The authors concluded that Primary IGFD should be recognized as a diagnostic subset separate from idiopathic short stature.
"As knowledge of the molecular basis of growth improves, new categories for classifying short stature are needed, especially with the advent of new therapeutic strategies for growth disorders," said Cohen, director of pediatric endocrinology at Mattel Children's Hospital at UCLA.
Short stature is a relatively common condition estimated to affect 2 percent of the population. These children undergo a series of tests to evaluate the etiology of their growth problem, including testing of their growth hormone secretion using growth hormone stimulation tests and recently, measurement of the critical growth-promoting hormone, IGF-1. Children with growth hormone deficiency typically have low blood levels of IGF-1.
IGF-1 plays a principal role in stimulating growth and its deficiency can lead to short stature. Primary IGF-1 deficiency is characterized by abnormally low levels of IGF-1 in the presence of normal or elevated growth hormone levels. Most children with short stature are currently diagnosed as growth hormone deficient or idiopathic short stature and, irrespective of their diagnosis, are treated with recombinant human growth hormone replacement therapy.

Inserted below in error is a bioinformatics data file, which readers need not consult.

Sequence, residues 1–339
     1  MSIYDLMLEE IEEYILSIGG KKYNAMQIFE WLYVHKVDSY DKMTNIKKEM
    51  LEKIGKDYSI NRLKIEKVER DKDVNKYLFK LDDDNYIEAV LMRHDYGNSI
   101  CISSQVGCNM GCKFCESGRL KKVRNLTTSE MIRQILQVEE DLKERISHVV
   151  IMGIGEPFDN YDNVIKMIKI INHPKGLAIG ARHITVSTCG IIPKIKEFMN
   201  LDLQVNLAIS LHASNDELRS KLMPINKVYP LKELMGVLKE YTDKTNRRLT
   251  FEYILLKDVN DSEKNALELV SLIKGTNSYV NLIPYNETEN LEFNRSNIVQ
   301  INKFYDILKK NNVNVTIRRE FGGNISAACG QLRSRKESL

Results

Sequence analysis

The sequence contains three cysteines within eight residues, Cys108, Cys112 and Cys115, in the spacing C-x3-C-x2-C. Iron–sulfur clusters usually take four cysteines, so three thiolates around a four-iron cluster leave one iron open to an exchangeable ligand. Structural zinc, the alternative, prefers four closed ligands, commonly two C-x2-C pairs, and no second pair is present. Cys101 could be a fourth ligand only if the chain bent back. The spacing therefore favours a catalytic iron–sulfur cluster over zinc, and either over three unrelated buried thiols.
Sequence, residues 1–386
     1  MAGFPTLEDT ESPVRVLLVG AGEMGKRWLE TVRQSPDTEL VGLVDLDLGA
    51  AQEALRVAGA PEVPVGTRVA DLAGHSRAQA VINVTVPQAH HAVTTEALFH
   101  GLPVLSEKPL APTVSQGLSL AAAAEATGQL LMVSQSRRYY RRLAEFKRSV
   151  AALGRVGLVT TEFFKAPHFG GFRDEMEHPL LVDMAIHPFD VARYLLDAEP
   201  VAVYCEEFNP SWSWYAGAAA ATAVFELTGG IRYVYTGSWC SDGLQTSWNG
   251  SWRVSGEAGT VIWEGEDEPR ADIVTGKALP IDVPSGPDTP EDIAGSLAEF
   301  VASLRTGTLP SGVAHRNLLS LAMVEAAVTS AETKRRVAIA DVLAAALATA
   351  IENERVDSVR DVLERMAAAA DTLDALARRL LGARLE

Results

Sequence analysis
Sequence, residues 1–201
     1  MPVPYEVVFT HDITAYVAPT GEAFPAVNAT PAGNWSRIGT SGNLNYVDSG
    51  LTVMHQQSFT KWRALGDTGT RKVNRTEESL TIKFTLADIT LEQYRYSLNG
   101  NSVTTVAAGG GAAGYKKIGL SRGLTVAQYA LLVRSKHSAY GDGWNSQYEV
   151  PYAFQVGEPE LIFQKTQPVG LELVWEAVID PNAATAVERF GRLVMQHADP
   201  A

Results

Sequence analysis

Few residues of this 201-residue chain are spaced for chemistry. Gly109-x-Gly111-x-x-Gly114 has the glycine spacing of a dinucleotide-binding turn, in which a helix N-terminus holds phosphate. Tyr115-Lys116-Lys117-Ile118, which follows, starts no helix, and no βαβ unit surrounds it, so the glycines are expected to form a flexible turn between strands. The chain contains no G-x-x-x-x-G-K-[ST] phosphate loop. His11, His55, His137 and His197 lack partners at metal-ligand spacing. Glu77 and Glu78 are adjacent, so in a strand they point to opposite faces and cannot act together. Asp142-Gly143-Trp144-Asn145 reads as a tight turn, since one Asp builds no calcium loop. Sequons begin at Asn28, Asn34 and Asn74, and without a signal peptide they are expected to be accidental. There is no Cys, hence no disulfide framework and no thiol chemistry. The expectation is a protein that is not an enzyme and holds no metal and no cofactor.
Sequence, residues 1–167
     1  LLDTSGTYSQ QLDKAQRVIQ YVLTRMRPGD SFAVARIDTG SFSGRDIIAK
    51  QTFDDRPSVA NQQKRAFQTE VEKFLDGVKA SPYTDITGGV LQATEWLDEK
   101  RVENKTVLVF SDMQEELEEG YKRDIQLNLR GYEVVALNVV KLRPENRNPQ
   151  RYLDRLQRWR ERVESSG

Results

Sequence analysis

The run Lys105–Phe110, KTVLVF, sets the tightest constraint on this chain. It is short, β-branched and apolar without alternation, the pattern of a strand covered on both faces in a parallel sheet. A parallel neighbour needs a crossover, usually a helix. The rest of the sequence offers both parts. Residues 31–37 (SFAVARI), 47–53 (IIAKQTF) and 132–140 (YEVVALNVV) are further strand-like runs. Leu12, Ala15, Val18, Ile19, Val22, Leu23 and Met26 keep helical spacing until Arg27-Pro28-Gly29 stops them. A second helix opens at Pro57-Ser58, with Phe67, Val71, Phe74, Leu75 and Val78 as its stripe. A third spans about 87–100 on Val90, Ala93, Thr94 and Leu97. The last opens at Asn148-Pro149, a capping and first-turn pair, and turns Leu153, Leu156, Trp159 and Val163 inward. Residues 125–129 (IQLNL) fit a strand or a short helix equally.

Cohen presented data on the frequency of IGF-1 deficiency (IGFD) among patients currently classified as idiopathic short stature in a prospective, observational study of children referred for growth failure. The analysis was based on data from 6,447 children referred t